It’s even how ‘corn snakes got their name, because they’re often found near corn or grain stores, where there are lots of mice. So, get rid of the mice, and you get rid of the problem.

Clear Your Yard and Flower Bed

Another thing that snakes like about peoples’ yards is that they offer excellent ground cover. Most snakes spend the majority of each day under cover. That means they’ll seek out foliage, bushes, flower beds and similar so that they can hide underneath them.

They aren’t doing it to scare you, though. It’s either so that they can hunt for mice/similar rodents, digest, or get some shut eye.

To make sure you stay completely snake-free, go through your yard and garden, and clear away the following:

  • Any long grass that you haven’t mowed in a while
  • Any bushes that the snakes would have access to
  • Any equipment or furniture that they can get under

If you were to get rid of all these things, your yard might look quite empty. And, unfortunately, there’s no way around that.

The perfect way to ensure that there are no snakes in your yard is to pave over it with concrete completely. However, you can compromise by keeping your yard as clear as possible.

Clear Overhanging Branches Away

If you find that snakes are still getting into your yard, even though you’ve put fences up, you could try clearing away any overhanging branches.

If there’s a tree adjacent to your property, then snakes can climb it and drop down into your yard. It’s like they’re learning military-grade techniques to break in.

Solving this particular problem is easy. Just clear out any branches that hang over your yard. You don’t necessarily have to cut the entire tree down.

Make sure that you have permission to do so before you do. The same goes for anything similar nearby that they might be able to climb up like posts, furniture or anything similar.

Use Snake Traps

Last but not least, you could use snake traps. These do exactly what you imagine. Some can actively lure snakes in, while others are passive traps that catch snakes as they pass by.

There are two kinds you can choose from:

  • Glue traps. Harris’ Snake Glue Trap, for example, is as basic as they come. They’re large enough to catch a snake, as well as anything else you might want to catch (like mice or rats). They also come in packs of one or three. They don’t kill the snake either, so if you want to use a humane trap, these are a good choice.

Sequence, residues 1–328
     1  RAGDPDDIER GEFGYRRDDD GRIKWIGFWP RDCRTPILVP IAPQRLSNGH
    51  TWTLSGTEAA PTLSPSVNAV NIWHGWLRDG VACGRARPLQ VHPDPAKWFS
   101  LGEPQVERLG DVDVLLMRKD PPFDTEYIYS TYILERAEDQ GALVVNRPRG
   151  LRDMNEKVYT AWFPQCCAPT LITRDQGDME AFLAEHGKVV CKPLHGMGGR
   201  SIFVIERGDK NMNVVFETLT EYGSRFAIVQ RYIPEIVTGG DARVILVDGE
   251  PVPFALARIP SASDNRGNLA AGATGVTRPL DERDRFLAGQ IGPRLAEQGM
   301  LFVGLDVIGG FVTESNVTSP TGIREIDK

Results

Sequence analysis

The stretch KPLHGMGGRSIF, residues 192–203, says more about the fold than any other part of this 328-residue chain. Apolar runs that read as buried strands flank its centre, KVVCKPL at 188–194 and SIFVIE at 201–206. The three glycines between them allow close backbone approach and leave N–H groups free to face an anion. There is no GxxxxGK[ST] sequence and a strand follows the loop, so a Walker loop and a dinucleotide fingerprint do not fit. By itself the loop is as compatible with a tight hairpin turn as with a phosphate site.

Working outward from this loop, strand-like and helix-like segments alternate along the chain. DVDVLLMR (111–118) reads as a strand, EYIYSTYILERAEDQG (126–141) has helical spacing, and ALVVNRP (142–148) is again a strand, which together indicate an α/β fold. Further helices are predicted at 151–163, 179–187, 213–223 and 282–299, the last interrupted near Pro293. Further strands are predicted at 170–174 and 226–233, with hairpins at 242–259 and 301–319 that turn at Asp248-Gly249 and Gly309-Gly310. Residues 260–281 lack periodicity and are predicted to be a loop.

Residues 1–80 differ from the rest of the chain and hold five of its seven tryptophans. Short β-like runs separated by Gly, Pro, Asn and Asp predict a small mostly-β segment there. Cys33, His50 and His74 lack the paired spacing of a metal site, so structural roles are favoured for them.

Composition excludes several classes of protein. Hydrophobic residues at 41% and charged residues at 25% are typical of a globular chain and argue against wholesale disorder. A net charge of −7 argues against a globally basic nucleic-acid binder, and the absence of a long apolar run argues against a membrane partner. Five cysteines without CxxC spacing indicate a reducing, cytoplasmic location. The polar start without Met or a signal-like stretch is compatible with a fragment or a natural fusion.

• Classic live traps. These are more expensive, but they’re reusable. The Tomahawk Live Trap requires bait, but can be used again and again to tackle a recurring problem. It’s essentially a cage, with a small opening on one side. The snakes can get in easily, but can’t get out. You can then release them elsewhere, or kill them once they’re caught.

Both traps are effective, but you start by trying to prevent your snake problem entirely. Begin by getting rid of any rodents and any ground cover that the snakes can hide under. See if the problem persists, and only then start investing time, money and effort into trapping them.

If you do want to trap them, it’s best to use a trap with a lure. The best lure is a small rodent, dead or alive, since small rodents are the prey of most U.S. snakes.

If you have a glue trap and a rodent infestation, then the odds are that you’ll actually catch some rodents anyway! If you have an old-fashioned trap, then you might have to buy one from a pet store or similar.

Anti-Snake Home Remedies

Because we’ve lived alongside snakes for hundreds of years, there are many home remedies that people use to try and get rid of them. Salt, diesel fuel, lye, and certain plant species are supposed to repel snakes. But do they work? And if they do, why?

Does Sulfur Keep Snakes Away?